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Google is Preparing Chrome for future wave of quantum attacks

On the 7th, Wired reported that Google pushed a Chrome update to a very small number of users that included a new form of encryption alongside the current elliptic curve factorization. Even though only a small users are going to be able to test out this encryption, it points to a new wave of cybersecurity. Wired calls it “preparations to head off a potentially disastrous but still-distant quantum cryptopocalypse” and I think this hit the nail on the head.

Cybersecurity, for the longest time, has been a perpetual cat-and-mouse game between encryption experts and hackers. The news, almost daily, is littered with articles referencing either a new security breach or a security exploit patch. There’s no end in site for complete protection because there will always be individuals trying to bypass what security measures may be in place. For now, the current limitations of how far hardware is capable of going to break encryption is not much of a mystery. While hardware keeps improving in terms of speed and efficiency, the ability to run through any Public-key cryptography that utilizes integer factorization remains almost entirely non-existent. Quantum computing will change everything. If you don’t want to read about the inner workings of quantum computing and encryption, skip to the fifth paragraph.

Public-key encryption – basically the gold standard of current encryption – utilizes an integer factorization. In Chrome, this integer factorization is, in a sense, generated by algorithms rely on the algebraic structure of elliptic curves over finite fields. This specific blend of integer factorization is appropriately called elliptic curve cryptography. In an effort to determine just how safe this encryption is, researchers in 2009 conducted a study where they determined that it would take 200 modern computers nearly 2000 years to be successful. Obviously this makes current public-key encryption basically bulletproof.

Quantum computing, though, is an entirely different story. Running through a 400 character code, with the right algorithm, would only take seconds. A key factor, though, is that they would need the correct algorithm which may or may not be difficult to implement. However, it’s been a growing security concern for major organizations, including both the NSA and the focus of this article, Google. In a brief summary of quantum computing, one should know that our modern computers work in bits that are represented by either a one or zero. True or false. And only one state is permitted per instance. Quantum computers are on a level of their own; they utilize quantum bits, dubbed “qubits.” These qubits are almost infinitely more complex; they can be both the zero, the one, or any quantum superposition of those two states. This sequence continues as two qubits can be quantum superpositions of 4 states, and three can be in a superposition of 8 states. The absurdity just continues like so.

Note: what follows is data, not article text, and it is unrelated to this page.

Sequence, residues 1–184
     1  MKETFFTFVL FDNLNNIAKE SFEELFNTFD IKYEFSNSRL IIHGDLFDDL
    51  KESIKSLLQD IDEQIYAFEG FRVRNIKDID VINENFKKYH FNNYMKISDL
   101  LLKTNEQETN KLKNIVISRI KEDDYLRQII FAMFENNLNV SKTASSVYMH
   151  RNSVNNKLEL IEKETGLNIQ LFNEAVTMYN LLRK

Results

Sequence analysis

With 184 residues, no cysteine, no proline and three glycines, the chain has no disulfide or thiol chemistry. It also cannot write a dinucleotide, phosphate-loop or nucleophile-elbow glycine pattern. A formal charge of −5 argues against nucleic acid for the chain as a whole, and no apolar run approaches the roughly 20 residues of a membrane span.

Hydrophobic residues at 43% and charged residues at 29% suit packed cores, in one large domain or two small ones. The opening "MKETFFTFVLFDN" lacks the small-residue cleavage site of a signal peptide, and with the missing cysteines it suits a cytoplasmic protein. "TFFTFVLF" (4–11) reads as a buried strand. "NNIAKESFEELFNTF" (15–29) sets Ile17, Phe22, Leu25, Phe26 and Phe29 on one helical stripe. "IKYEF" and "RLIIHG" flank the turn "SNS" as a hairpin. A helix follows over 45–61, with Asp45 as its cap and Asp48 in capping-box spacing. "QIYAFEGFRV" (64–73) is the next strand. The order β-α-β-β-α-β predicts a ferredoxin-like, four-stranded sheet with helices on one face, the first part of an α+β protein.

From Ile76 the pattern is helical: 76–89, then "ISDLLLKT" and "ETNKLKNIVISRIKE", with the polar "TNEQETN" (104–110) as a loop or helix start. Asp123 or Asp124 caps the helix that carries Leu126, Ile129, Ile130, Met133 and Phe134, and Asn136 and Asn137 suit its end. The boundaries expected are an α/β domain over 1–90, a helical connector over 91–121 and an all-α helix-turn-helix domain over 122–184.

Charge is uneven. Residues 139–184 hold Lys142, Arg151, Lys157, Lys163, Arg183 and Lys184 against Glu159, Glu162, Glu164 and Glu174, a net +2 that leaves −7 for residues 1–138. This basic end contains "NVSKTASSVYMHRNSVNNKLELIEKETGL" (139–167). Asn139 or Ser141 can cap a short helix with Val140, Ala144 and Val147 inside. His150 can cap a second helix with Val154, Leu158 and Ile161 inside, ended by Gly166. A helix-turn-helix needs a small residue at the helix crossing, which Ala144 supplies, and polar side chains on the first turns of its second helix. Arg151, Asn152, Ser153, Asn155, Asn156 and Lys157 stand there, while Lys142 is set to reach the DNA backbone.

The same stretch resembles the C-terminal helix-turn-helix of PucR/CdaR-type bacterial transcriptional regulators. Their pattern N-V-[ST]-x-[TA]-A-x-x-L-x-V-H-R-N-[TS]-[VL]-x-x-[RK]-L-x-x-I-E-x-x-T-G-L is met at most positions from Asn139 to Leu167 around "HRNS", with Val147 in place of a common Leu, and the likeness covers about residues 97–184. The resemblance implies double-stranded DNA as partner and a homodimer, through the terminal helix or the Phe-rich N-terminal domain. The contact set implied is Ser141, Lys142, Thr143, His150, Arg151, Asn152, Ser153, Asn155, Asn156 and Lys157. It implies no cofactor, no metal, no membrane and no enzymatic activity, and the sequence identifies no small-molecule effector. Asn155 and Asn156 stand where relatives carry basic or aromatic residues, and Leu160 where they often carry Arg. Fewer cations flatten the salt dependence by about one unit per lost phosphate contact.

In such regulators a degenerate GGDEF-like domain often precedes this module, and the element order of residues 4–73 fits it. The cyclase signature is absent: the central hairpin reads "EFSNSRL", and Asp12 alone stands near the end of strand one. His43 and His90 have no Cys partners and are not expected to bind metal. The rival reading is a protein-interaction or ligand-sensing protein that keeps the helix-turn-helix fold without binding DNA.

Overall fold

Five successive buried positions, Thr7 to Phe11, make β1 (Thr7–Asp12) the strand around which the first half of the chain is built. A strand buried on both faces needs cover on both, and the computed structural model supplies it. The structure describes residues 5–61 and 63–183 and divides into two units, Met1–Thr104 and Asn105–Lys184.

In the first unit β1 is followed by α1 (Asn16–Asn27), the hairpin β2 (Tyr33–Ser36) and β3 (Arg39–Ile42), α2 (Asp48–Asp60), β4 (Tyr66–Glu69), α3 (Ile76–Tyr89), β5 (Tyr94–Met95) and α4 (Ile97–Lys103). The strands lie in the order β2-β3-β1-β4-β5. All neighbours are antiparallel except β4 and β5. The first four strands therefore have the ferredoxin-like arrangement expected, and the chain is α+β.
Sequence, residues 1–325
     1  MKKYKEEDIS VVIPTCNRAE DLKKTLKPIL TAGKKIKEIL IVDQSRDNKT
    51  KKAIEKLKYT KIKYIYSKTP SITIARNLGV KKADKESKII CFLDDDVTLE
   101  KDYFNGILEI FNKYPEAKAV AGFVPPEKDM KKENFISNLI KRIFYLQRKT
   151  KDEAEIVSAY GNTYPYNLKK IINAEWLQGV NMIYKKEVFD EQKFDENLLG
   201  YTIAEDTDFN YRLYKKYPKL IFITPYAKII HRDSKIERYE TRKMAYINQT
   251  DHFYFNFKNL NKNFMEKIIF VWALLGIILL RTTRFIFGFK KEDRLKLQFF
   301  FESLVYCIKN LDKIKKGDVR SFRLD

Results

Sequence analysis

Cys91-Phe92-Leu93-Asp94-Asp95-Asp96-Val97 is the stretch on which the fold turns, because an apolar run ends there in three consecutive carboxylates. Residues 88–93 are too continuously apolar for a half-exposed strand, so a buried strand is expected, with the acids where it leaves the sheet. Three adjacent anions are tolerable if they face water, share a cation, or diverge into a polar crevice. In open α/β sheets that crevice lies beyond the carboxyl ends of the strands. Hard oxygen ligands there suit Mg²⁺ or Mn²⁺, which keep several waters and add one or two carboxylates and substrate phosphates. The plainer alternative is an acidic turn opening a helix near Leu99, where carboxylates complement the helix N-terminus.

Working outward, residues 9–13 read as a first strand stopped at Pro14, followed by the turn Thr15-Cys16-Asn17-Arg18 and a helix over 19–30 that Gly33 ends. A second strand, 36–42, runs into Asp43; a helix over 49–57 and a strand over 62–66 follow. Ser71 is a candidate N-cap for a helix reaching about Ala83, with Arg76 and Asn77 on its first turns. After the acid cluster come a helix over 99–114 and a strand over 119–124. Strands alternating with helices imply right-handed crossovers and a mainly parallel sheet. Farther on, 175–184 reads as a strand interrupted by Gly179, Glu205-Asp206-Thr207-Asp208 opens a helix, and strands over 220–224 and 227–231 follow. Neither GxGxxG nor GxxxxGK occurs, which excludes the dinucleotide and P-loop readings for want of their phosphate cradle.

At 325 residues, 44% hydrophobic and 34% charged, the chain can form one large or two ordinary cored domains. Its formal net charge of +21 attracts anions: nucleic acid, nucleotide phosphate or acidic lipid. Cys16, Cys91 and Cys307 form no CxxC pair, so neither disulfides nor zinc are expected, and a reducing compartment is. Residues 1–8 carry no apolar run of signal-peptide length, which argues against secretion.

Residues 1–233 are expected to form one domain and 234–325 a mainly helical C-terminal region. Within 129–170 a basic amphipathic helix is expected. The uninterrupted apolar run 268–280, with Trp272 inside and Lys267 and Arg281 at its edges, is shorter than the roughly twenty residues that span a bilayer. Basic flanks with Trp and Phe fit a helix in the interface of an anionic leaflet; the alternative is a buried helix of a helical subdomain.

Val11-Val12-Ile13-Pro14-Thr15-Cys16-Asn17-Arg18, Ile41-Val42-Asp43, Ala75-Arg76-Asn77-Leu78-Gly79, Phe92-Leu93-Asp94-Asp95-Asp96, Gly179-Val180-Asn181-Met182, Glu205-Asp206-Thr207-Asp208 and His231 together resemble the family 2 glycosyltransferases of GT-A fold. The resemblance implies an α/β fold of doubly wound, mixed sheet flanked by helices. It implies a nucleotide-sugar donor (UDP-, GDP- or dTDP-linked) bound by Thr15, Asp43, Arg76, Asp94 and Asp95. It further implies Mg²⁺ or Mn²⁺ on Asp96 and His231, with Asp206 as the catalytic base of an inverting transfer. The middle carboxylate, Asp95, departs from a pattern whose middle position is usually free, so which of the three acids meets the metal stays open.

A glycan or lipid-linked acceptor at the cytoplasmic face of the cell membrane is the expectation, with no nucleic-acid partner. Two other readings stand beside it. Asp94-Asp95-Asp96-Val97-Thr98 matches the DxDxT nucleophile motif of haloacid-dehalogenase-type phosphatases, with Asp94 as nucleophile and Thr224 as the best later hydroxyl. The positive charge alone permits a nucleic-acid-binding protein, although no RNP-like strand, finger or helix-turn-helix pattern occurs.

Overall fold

The fear of what quantum computing would do to modern encryption is shared by anyone who is seriously concerned with security, especially organizations that deal with billions of people. Google is obviously one of those organizations and, as such, has been deeply involved in the forefront of quantum computing. In 2013, Google and NASA worked with D-Wave to be one of the first to receive the a “quantum computer.” Although it wasn’t a true quantum computer in the literal interpretation, D-Wave’s statistics on the machine are still hugely impressive. The 1,097 qubits in the D-Wave machine were not completely strung together like a true quantum computer would, but in our current day and age, the machine might as well be considered one. Regardless of qubit stringing, this has helped push Google to focus on a wave, sometime in the future, of quantum attacks.

Adam Langley, a Google security engineer is in agreement when he gives a statement regarding the update:

“The reason we’re doing this experiment is because the possibility that large quantum computers could be built in the future is not zero. We shouldn’t panic about it, but it could happen.” “Ring Learning With Errors could turn out to be complete rubbish, and breaking it could be horribly easy even with existing computers, so we’re using both [systems together] and mixing the answers so you’d have to break both.”

He also points out that one of the largest concerns is that uncrackable data and information will be captured and stored now, only to be completely broken into when quantum computers become a reality. The protocol that Google is testing to prevent this from being an issue, he says, is called Ring Learning With Errors or Ring-LWE. No non-quantum computer should be near capable of cracking it and security researchers are tentatively betting it will throw quantum computers for a loop.

As Google runs this two-year project, Langley says he wants researchers tp be able to find exploits and contribute to the testing. He hopes RLWE fails so that Google is able to see where the problem existed. This encourages security experts worldwide to be excited that world of digital security may be prepared for quantum computers. Cybersecurity, as we know it, is going to completely change and the best chance we have at not being completely exploited is to be one step ahead of the threats. Hopefully other companies that have our private information take the initiative that Google is showing and start security research with the future in mind. Only time will tell.

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